Presentation on theme: "OPPORTUNISTIC INFECTIONS IN IMMUNOCOMPROMISED PATIENTS"— Presentation transcript:
1 OPPORTUNISTIC INFECTIONS IN IMMUNOCOMPROMISED PATIENTS ByRaghda El-Sayed FaragAsisst prof. tropical medicine
2 objectives Know the immune system defense function Define opportunistic infections & Immunocompromised personDiscuss Common infection in Immunocompromised person
3 Immune systeme &Defense Against Disease Nonspecific External Barriersskin, mucous membranesIf these barriers are penetrated,the body responds withInnate Immune Responsephagocytic and natural killer cells,inflammation, feverIf the innate immune response is insufficient,the body responds withAdaptive(specific) Immune Responsecell-mediated immunity, humoral immunity
4 First line of defenseNon-specific defenses are designed to prevent infections by viruses and bacteria. These include:Intact skinMucus and CiliaPhagocytes
5 Role of skinIntact skin cells making it hard for invading bacteria to enter and colonize.Sweat and oils contain anti-microbial chemicals, including some antibiotics.
6 Role of mucus and ciliaMucus contains lysozymes, enzymes that destroy bacterial cell walls.The normal flow of mucus washes bacteria and viruses.Cilia in the respiratory tract move mucus out to keep bacteria and viruses out.
7 Role of phagocytesPhagocytes are several types of white blood cells (including macrophages and neutrophils) that seek and destroy invaders.Phagocytes are attracted by an inflammatory response of damaged cells.
8 Specific defensesSpecific defenses are those that give us immunity to certain diseases.In specific defenses, the immune system forms a chemical “memory” of the invading microbe. If the microbe is encountered again, the body reacts so quickly that few or no symptoms are felt.
9 Major players The major players in the immune system include: MacrophageT cells (helper, cytotoxic, memory)B cells (plasma, memory)Antibodies
10 Antigen recognitionCells of the immune system are “trained” to recognize “self” proteins vs. “not self” proteins.If an antigen (“not self”) protein is encountered by a macrophage, it will bring the protein to a helper T-cell for identification.If the helper T-cell recognizes the protein as “not self,” it will launch an immune response.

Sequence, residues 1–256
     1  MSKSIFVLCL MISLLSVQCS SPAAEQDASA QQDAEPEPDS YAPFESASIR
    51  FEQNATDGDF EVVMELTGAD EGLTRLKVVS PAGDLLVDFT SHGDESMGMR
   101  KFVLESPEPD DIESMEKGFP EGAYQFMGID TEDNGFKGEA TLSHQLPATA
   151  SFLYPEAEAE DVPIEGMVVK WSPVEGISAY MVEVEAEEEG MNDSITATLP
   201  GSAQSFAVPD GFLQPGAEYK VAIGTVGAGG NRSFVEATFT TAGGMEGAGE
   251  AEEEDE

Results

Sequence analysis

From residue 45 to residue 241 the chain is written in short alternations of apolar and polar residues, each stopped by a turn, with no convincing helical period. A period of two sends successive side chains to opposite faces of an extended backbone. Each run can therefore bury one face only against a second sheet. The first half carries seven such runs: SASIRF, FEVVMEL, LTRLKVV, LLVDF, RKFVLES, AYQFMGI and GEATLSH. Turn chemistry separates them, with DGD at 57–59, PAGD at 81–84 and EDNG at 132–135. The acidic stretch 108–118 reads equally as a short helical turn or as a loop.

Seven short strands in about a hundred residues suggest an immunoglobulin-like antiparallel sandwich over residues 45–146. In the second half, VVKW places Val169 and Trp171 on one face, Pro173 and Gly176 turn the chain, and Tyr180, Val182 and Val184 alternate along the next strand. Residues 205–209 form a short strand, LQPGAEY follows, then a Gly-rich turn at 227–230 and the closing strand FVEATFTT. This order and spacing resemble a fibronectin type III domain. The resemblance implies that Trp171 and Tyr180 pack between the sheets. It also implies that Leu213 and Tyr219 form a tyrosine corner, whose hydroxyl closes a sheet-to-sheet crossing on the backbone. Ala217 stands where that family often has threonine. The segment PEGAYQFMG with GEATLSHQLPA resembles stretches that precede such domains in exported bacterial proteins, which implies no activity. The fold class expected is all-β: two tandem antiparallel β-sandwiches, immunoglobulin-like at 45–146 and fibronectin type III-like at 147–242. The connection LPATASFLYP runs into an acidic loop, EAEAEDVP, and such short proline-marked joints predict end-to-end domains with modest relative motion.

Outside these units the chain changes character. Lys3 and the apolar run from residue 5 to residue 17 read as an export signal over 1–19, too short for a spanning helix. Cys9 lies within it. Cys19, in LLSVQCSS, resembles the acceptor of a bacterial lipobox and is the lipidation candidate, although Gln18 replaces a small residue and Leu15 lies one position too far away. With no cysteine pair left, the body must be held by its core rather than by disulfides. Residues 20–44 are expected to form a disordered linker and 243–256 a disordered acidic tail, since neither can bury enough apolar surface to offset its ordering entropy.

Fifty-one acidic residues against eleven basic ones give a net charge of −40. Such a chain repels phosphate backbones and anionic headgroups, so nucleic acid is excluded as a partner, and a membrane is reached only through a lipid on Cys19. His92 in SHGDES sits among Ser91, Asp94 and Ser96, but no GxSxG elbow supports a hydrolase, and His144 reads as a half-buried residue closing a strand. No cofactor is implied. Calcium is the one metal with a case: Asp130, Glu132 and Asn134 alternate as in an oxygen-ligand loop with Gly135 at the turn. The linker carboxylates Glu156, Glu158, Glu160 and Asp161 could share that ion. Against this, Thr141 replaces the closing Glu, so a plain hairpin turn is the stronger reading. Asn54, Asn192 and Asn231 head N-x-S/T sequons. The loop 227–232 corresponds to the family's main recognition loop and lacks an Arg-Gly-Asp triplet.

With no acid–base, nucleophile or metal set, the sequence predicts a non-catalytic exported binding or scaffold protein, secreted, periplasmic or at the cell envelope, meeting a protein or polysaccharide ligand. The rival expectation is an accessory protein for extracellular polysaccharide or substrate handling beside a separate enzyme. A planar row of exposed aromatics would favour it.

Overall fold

11 Helper T cellsHelper T-cells have receptors for recognizing antigens. If they are presented with an antigen, they release cytokines to stimulate B-cell division.The helper T-cell is the key cell to signal an immune response.If helper T-cells are disabled, as they are in people with AIDS, the immune system will not respond.
12 B cellsB-cells differentiate into either plasma cells or memory B-cells.- Plasma cells rapidly produce antibodies.- Memory cells retain the “memory” of the invader and remain ready to divide rapidly if an invasion occurs again.
14 “Killer” T cellsWhile B-cells divide and differentiate, so do T-cells.Some T-cells become cytotoxic, or “killer” T-cells. These T-cells seek out and destroy any antigens in the system, and destroy microbes “tagged” by antibodies.Some cytotoxic T-cells can recognize and destroy cancer cells.
17 Opportunistic infection : An infection by a microorganism that normally does not cause disease but becomes pathogenic when the body's immune system is impaired and unable to fight off infection, as in AIDS and certain other diseases.
18 Suspicion of immunodeficiency disorder: Chronic or recurrent infections.Infection caused by opportunistic or unusual pathogens.Failure to respond as expected to standard treatment for infectious process.Unusual complications to a usual infection.Family history of primary immunodeficiency.
19 CAUSES OF IMMUNODEFICIENCY GeneticPhysiologyAcquiredChronic diseasesMedications (Iatrogenic)Hematology
20 SOME EXAMPLES OF THE OPPORTUNISTIC INFECTIONS FUNGAL INFECTIONSPARASITIC INFECTIONSPneumocystis jiroveci pneumonia (PCP)ToxoplasmosisCryptosporidiosisCandidiasisIsospridiamCryptococcosisStrongyloides StercolalisAspergillosisVIRAL INFECTIONSBACTERIAL INFECTIONSHerpes simplex virus infection (HSV)TuberculosisMycobacterium avium complex (MAC) infectionsCytomegalovirus virus CMVVaricella Zoster VirusMycosisAdenovirusLegionnaire’s disease